The US Department of Justice on Tuesday charged 21 individuals for their involvement in an elaborate student and foreign worker visa scam. The defendants allegedly enrolled more than 1,000 foreign nationals in a fake university that unbeknownst to them was set up by federal agents from Homeland Security Investigations (HSI), the investigative arm of Immigration and Customs Enforcement (ICE).
The University of Northern New Jersey (UNNJ), a purported for-profit college located in Cranford, New Jersey, was created by HSI in September 2013 to enable undercover HSI agents to investigate criminal activities associated with the Student and Exchange Visitor Program (SEVP), including student visa fraud.
UNNJ featured a convincing website and a promise of “an exceptional educational experience.” However, the fake university had no instructors, educators, or curriculum, and no actual classes or education activities were conducted at the school. It functioned solely as an elaborate front used by federal agents posing as school administrators.
“While the United States fully supports international education, we will vigorously investigate those who seek to exploit the US immigration system,” said ICE Director Sarah R. Saldaña. “As a result of this operation, HSI special agents have successfullyidentified and shut down multiple operations which have abused the student visa program.”
The defendants and individuals pretending to be students knew the school was phony, but were unaware it was part of an undercover investigation by ICE. The college quickly gained a reputation as an institution to help foreigners receive fraudulent students visas to come to the US.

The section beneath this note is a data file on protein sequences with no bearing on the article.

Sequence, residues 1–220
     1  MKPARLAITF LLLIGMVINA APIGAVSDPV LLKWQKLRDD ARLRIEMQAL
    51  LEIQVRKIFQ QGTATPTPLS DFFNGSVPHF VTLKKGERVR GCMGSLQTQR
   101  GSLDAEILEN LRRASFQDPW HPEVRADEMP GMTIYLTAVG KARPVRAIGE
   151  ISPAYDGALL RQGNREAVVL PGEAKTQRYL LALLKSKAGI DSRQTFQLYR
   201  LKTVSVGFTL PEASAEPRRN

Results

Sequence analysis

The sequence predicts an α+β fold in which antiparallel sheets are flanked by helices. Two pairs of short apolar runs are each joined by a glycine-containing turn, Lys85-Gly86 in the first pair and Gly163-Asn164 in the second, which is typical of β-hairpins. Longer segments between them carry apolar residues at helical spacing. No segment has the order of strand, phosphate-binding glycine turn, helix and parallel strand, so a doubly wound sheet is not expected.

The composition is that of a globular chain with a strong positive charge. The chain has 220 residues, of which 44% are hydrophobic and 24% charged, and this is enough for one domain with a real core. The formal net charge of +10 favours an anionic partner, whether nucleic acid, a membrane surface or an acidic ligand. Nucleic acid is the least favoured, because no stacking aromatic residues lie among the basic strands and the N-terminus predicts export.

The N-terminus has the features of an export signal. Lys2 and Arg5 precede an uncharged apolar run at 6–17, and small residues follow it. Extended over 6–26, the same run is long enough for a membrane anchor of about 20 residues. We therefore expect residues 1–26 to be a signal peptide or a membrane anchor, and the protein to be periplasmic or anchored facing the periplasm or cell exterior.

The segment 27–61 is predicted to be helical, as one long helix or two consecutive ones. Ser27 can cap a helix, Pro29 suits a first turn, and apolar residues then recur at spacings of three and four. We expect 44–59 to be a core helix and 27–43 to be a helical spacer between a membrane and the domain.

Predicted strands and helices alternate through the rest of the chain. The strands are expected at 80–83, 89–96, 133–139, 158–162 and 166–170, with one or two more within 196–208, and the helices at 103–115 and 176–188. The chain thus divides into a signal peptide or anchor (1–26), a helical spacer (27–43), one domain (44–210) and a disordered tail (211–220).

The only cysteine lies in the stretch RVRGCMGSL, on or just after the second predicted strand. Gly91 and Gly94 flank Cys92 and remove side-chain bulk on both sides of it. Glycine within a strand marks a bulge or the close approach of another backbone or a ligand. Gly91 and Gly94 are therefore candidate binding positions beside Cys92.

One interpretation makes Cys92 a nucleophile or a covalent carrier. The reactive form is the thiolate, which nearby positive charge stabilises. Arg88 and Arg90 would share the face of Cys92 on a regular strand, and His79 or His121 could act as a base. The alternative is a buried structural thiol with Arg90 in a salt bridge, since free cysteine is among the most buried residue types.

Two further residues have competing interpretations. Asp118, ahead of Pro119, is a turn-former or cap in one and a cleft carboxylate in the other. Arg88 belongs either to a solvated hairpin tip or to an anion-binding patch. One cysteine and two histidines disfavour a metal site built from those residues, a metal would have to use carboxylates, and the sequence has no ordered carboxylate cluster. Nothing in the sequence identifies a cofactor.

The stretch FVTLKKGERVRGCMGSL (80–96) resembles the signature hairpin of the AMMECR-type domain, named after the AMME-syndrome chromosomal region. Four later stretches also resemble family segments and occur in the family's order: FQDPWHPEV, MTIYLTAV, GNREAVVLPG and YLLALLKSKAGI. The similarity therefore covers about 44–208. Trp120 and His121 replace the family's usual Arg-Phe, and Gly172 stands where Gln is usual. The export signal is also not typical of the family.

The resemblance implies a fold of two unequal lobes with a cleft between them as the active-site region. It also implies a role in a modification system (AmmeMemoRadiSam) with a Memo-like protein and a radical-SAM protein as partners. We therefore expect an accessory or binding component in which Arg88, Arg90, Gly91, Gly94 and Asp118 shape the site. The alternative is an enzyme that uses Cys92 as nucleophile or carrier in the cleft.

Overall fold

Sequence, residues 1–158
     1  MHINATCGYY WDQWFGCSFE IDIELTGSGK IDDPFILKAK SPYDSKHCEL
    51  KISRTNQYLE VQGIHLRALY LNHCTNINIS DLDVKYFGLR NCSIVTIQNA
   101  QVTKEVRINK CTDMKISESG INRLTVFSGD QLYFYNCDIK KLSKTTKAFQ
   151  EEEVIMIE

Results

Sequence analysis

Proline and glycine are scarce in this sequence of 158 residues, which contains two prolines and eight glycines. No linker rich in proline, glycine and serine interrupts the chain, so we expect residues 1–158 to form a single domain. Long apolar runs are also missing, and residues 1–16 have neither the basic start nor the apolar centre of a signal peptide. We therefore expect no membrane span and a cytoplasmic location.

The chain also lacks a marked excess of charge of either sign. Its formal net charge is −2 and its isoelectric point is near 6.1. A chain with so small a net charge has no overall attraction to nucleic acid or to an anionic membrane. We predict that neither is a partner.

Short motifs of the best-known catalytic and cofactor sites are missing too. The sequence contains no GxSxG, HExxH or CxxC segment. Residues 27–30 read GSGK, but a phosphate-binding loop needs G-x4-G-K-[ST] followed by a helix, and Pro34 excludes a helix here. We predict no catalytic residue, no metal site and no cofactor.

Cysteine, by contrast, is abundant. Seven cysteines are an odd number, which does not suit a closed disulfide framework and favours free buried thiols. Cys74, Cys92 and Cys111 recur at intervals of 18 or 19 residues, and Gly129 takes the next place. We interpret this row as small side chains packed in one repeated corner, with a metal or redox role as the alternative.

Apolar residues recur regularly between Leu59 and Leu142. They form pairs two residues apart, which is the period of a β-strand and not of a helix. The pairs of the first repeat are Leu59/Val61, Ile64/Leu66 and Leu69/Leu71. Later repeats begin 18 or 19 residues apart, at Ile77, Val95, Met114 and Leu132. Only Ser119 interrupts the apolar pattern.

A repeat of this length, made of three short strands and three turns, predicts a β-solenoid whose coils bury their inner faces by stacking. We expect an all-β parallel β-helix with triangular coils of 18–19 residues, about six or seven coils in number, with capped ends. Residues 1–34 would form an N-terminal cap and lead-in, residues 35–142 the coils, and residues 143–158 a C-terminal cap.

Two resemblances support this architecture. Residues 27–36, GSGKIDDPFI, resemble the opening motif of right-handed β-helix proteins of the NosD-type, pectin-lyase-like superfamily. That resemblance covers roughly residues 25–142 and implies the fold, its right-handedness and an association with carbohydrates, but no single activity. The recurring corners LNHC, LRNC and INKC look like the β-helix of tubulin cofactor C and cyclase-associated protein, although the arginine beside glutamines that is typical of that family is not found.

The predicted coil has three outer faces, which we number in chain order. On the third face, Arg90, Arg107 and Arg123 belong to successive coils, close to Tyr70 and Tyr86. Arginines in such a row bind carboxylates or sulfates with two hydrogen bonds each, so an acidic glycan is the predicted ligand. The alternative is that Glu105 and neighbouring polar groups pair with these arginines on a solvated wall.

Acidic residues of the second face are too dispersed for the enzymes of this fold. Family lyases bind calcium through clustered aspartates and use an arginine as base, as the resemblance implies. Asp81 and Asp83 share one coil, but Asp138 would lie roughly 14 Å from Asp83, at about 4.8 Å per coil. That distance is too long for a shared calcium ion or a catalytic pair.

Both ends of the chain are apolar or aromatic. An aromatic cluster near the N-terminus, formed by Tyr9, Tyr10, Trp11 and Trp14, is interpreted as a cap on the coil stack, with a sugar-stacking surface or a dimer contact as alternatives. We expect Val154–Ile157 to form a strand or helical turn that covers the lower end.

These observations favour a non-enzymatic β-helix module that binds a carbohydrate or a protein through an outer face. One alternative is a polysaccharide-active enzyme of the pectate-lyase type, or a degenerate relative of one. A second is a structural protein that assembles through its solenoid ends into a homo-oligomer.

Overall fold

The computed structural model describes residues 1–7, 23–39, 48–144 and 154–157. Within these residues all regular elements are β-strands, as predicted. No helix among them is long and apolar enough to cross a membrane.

UNNJ represented itself as a school that was authorized to issue a Form I-20, a document which certifies that a foreign national has been accepted to a school as a full-time student. Students can use this form to obtain an F-1 student visa, which allows them to stay in the US while they complete their studies at an SEVP accredited institution.
Most foreign nationals involved in the scheme came from China and India, and were already in the US on non-immigrant student visas.
“Individuals engaged in schemes that would undermine the remarkable educational opportunities afforded to international students represent an affront to those who play by the rules. These unscrupulous individuals undermine the integrity of the immigration system,” said Terence S. Opiola, special agent in charge of HSI Newark. “Our special agents are committed to identifying and addressing fraud in order to better protect the system as a whole.”
Throughout the course of the investigation, the defendants revealed to undercover agents that none of their foreign national clients would participate in real coursework or make progress towards a degree. The sole purpose of enrolling foreign nationals in UNNJ was to fraudulently maintain student visa status in exchange for a commission.
The defendants also facilitated the creation of hundreds of false student records, including transcripts, attendance records, and diplomas, which were purchased by their foreign national conspirators for the purpose of deceiving immigration authorities.
In other instances, the defendants used UNNJ to fraudulently obtain work authorization and work visas for their clients.
“‘Pay to Stay’ schemes not only damage our perception of legitimate student and foreign worker visa programs, they also pose a very real threat to national security,” US Attorney Fishman said.
The charges of conspiracy to commit visa fraud and making a false statement each carry a maximum potential penalty of five years in prison and a $250,000 fine. The charges of conspiracy to harbor aliens for profit and H1-B Visa fraud each carry a maximum penalty of 10 years in prison and $250,000 fine.